This week we’ll briefly revisit the Cancer Survival Rate study. We’re doing this in preparation for an article next week that will present a comprehensive look at all the measures discussed to date of the effectiveness of the US health care system. But first, let’s re-cap the earlier article. A study was recently published that examined 3 or 4 of the most deadly cancers. The study was a world-wide study and thus included both industrialized countries and some less advanced countries. The results showed that the US was tied for either first or second place for the 5 year cancer survival rate. A good showing to be sure but when examined on a cancer-by-cancer basis, the top showing by the US was somewhat less impressive mainly because it was statistically tied for first or second place with several other countries.
In this article we’ll make the point even more succinct. For the purposes of comparing the effectiveness of a health care system, the cancer survival rate of a nation is ideally shown as a single number, not one number per cancer. Can we get there? The short answer is yes.
How would you blend the survival rate of breast cancer with the survival rate of colon cancer to get a single survival rate? One way would be to simply take the average the survival rates. This is the normal average, and it assumes that breast cancer and colon cancer should be valued equally. But valuing them equally may not be fair. Each year 200,000 women die from breast cancer in the industrialized world while 165,000 die from colo-rectal cancer1. Also of the countries studied in the original report 145,000 women are diagnosed each year with breast cancer while, 62,000 are diagnosed with colo-rectal cancer2. Clearly breast cancer should be weighted more heavily in a blended average, but which weighting should be used? This is essentially an arbitrary call. Since we’ve already used the mortality rate to establish these cancers as being significant, for the weighted average we will weigh based on the incidence rate.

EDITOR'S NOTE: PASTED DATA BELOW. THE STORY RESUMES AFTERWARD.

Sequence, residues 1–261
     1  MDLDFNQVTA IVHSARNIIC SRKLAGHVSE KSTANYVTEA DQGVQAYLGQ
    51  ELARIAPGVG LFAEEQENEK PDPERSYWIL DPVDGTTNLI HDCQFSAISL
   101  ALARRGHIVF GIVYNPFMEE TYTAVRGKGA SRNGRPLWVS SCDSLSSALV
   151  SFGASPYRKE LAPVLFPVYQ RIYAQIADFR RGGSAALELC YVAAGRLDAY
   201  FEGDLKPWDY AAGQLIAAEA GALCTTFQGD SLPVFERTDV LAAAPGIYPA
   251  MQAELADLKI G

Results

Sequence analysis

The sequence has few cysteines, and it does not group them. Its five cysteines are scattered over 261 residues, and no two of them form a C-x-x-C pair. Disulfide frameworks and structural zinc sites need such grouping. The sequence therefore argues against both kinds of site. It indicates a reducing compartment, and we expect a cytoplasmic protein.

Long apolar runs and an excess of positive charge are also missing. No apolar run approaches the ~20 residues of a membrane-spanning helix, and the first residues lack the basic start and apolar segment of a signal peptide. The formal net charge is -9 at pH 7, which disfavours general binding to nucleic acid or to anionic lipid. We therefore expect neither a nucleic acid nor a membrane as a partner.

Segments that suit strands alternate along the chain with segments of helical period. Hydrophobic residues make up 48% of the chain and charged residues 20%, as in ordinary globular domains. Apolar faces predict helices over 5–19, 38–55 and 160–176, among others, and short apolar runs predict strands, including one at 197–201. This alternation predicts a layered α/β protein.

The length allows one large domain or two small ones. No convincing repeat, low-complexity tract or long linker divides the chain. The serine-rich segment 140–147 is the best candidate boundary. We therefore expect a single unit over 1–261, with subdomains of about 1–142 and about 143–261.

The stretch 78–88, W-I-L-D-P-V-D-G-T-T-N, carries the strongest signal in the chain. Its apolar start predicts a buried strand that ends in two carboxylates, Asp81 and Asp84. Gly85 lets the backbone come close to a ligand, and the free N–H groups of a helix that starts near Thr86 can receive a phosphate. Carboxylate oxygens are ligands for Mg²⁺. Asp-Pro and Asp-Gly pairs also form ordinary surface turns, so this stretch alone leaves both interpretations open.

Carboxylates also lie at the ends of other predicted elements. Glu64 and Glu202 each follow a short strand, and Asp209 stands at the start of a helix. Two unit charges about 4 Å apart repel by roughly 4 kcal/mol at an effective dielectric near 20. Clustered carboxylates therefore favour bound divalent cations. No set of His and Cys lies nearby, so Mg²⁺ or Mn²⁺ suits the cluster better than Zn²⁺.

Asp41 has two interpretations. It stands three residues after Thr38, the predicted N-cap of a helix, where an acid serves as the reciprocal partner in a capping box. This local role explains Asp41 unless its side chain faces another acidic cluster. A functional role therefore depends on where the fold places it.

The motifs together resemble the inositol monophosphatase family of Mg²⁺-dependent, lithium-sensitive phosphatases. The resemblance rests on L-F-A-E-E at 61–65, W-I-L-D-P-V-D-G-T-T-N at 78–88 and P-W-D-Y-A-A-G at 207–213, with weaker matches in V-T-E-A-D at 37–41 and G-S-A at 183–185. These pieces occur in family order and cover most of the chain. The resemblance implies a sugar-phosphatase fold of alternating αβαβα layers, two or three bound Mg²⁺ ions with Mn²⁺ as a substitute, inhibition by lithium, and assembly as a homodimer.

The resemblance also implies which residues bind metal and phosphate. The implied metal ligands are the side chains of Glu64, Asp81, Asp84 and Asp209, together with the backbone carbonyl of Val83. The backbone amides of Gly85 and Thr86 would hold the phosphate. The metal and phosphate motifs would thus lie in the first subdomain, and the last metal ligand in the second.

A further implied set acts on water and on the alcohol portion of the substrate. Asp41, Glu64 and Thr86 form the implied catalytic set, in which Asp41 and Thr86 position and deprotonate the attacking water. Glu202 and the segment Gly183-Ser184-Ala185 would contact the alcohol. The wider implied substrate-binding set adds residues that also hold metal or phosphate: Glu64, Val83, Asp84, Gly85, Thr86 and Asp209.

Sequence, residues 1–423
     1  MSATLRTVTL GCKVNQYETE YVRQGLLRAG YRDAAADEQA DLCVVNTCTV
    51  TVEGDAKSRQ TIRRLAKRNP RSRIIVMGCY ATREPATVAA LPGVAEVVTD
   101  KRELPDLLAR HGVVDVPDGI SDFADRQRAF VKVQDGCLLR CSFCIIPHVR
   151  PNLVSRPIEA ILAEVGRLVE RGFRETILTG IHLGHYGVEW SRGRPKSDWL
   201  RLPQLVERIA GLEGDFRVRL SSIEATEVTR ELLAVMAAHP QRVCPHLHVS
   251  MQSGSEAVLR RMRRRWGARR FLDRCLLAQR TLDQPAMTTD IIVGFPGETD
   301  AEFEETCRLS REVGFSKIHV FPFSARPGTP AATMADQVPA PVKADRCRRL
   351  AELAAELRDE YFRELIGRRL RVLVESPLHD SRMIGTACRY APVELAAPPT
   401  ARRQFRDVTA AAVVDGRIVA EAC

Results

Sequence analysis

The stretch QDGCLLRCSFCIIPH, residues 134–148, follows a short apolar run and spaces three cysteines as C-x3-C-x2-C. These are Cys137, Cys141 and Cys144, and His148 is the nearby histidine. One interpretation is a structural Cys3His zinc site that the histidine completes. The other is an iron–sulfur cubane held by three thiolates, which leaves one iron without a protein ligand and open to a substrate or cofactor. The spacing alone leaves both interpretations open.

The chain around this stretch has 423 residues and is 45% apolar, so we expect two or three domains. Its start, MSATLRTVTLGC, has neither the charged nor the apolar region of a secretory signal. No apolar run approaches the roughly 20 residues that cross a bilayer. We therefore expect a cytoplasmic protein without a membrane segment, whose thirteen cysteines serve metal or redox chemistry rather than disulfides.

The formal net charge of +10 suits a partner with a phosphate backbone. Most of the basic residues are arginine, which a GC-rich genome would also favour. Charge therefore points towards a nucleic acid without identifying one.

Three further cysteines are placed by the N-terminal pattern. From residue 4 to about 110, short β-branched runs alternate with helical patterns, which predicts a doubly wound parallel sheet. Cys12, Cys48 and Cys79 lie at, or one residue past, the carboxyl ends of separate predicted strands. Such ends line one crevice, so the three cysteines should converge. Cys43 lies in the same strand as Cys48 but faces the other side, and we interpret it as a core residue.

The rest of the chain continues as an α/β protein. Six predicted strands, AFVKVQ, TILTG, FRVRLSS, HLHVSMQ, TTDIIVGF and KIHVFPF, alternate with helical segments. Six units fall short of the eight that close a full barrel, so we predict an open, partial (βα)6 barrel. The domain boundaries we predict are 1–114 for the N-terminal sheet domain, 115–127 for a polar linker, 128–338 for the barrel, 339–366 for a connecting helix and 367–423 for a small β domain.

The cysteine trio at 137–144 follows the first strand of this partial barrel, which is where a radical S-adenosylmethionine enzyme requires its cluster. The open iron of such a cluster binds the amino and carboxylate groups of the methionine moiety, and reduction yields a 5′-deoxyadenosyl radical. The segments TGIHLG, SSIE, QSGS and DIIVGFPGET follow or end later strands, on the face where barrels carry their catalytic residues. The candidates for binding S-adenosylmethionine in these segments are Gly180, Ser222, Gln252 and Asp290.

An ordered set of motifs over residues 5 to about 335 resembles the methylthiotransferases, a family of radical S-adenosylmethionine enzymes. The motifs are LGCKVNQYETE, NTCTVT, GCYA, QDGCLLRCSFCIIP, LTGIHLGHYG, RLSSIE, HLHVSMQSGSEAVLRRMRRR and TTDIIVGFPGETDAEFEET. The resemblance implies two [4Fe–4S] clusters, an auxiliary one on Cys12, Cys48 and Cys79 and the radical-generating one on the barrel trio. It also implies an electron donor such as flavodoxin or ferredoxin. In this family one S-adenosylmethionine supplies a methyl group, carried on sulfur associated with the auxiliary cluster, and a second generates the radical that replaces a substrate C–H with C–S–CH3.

One of the tenants of News With Numbers is that graphs should make complicated things clearer. In the case where an effect clearly stands out then graphs make it easy to see but in the case where the effect is more moderate then even a graph may require the eye of an expert to discern the difference. But, given the hype surrounding the health care debate, either is news. Either the US has a clear lead in some health care fields or it does not. On a cancer-by-cancer basis the earlier study showed the US in the top, but tied with several other countries for top honors. Not clearly in the top alone.
Below is a table that shows the weighting effect based on incidence rate. The original study provided statistics both on the survival rate as well as the incidence rate. Ideally we’d weigh based on the global incidence rate or at least the incidence rate in the industrialized countries, however, the US was by far the largest country in the study and using the incidence rate data from the study would effectively mean using only the incidence rate in the US. Thus for this comparison we’ve used the incidence statistics for every country except the US.